A long-running dispute over the estate of singer James Brown has finally been settled, an attorney involved in the mediation said on Friday.
David Black, an attorney representing Brown’s estate, confirmed to The Associated Press that the agreement was reached on July 9. Details of the settlement were not disclosed.
The estate had been in dispute since Brown’s death at age 74 on Christmas Day 2006, and extended beyond finance for a time into the ultimate disposition of his remains.
A key party in the dispute was Tomi Rae Hynie, a former partner and mother to one of Brown’s children, who once was locked out of his estate in a widely publicized moment of anguish. She claimed to be married to Brown, but evidence of that was scant.
In his will, Brown left the vast majority of his fortune to a trust, his personal effects to some of his children, $2 million for his grandchildren’s education, and nothing to Hynie.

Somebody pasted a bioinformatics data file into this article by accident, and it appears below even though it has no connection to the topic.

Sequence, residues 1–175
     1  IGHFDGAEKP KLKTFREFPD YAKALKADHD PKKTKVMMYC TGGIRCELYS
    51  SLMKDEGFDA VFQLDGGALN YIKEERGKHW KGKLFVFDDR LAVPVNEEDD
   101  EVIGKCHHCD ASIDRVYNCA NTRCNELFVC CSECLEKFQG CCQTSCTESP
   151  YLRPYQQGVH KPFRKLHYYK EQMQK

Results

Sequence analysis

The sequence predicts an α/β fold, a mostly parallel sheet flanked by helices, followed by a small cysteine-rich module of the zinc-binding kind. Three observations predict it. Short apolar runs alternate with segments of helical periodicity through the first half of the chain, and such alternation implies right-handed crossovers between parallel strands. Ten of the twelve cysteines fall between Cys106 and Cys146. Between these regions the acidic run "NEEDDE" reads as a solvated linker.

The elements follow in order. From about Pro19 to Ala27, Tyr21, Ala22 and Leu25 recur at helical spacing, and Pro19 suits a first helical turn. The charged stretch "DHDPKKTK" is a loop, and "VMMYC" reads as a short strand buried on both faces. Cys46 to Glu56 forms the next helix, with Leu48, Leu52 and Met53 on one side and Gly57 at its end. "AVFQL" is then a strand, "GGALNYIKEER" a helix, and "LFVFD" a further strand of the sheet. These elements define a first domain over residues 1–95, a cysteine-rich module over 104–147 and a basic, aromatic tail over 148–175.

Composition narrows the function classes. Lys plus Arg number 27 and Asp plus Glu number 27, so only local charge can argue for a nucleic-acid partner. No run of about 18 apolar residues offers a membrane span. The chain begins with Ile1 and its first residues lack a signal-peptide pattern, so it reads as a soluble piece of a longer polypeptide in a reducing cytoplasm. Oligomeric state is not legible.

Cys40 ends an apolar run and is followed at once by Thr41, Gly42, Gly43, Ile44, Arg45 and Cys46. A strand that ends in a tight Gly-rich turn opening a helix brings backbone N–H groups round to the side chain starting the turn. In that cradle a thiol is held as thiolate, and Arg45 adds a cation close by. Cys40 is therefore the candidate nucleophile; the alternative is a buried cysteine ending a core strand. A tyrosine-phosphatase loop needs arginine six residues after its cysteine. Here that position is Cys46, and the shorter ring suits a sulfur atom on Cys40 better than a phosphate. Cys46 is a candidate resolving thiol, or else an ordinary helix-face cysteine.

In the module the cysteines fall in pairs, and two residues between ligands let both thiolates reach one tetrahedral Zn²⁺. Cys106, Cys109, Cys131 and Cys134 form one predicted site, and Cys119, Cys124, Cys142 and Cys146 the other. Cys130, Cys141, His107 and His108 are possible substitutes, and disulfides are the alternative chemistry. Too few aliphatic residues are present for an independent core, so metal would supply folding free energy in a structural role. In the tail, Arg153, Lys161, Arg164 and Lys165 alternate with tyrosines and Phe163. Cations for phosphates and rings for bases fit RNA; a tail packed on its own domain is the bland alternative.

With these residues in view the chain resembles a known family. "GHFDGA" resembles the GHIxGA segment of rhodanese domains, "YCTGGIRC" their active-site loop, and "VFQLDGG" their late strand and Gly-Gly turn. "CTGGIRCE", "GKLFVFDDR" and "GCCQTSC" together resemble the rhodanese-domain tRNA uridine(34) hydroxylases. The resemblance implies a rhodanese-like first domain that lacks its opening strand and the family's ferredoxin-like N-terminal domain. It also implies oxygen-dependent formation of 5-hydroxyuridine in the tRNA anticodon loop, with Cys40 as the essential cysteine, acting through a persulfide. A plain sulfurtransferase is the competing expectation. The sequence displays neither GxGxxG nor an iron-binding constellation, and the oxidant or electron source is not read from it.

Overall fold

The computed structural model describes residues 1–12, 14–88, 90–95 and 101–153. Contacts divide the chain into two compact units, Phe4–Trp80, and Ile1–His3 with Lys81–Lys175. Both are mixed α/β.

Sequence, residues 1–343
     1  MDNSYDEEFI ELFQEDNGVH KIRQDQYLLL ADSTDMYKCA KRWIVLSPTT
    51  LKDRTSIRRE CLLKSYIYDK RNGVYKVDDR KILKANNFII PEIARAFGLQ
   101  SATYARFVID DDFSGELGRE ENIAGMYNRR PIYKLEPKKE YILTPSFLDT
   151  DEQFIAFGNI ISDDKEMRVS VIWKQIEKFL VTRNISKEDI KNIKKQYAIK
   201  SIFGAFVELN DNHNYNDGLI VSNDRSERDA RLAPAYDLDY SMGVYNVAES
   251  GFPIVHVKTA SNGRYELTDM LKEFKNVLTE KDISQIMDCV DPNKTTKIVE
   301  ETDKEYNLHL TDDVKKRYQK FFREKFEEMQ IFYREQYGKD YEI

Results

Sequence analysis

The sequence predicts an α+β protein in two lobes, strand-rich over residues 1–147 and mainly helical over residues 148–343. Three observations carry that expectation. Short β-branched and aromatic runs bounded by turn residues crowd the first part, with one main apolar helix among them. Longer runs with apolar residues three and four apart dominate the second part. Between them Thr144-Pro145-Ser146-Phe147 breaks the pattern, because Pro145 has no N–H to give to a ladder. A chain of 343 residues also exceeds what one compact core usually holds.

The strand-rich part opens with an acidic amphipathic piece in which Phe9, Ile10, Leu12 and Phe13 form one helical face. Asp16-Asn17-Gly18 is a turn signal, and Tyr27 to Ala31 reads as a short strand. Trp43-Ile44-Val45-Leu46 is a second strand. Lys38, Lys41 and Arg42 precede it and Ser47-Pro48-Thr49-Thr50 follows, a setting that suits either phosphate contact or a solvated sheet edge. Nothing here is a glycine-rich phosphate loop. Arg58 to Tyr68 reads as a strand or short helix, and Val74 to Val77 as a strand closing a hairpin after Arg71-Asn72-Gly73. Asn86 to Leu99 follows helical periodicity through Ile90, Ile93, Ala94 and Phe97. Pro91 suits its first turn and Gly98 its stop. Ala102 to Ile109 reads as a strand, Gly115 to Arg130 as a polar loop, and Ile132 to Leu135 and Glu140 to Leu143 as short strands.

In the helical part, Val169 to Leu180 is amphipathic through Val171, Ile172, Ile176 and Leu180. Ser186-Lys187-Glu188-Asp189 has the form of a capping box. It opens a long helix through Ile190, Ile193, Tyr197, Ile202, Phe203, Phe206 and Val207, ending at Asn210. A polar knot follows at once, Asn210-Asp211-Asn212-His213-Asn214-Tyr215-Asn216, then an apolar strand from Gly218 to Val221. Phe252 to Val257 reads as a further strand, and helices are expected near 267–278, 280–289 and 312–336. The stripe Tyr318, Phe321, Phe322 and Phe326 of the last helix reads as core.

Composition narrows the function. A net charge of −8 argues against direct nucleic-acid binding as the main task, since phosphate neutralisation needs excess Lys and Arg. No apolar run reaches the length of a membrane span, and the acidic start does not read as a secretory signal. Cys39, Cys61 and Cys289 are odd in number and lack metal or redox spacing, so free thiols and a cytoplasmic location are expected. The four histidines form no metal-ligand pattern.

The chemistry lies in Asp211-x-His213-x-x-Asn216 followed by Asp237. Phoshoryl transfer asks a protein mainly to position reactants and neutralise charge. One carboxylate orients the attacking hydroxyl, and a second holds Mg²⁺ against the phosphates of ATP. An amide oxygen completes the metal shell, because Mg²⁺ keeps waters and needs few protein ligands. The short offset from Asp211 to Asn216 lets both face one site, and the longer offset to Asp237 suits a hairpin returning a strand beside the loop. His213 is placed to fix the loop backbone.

The estate was beset by dozens of lawsuits over the years. No clear picture emerged as to its ultimate value, with estimates ranging from well more than $100 million to as low as $5 million.
Brown’s driving funk was featured in many classic hits, including “I Got You (I Feel Good)” and “Living in America,” the latter part of the 1985 film Rocky IV.
Brown was eventually buried in Beech Island, South Carolina, at the home of one of his daughters.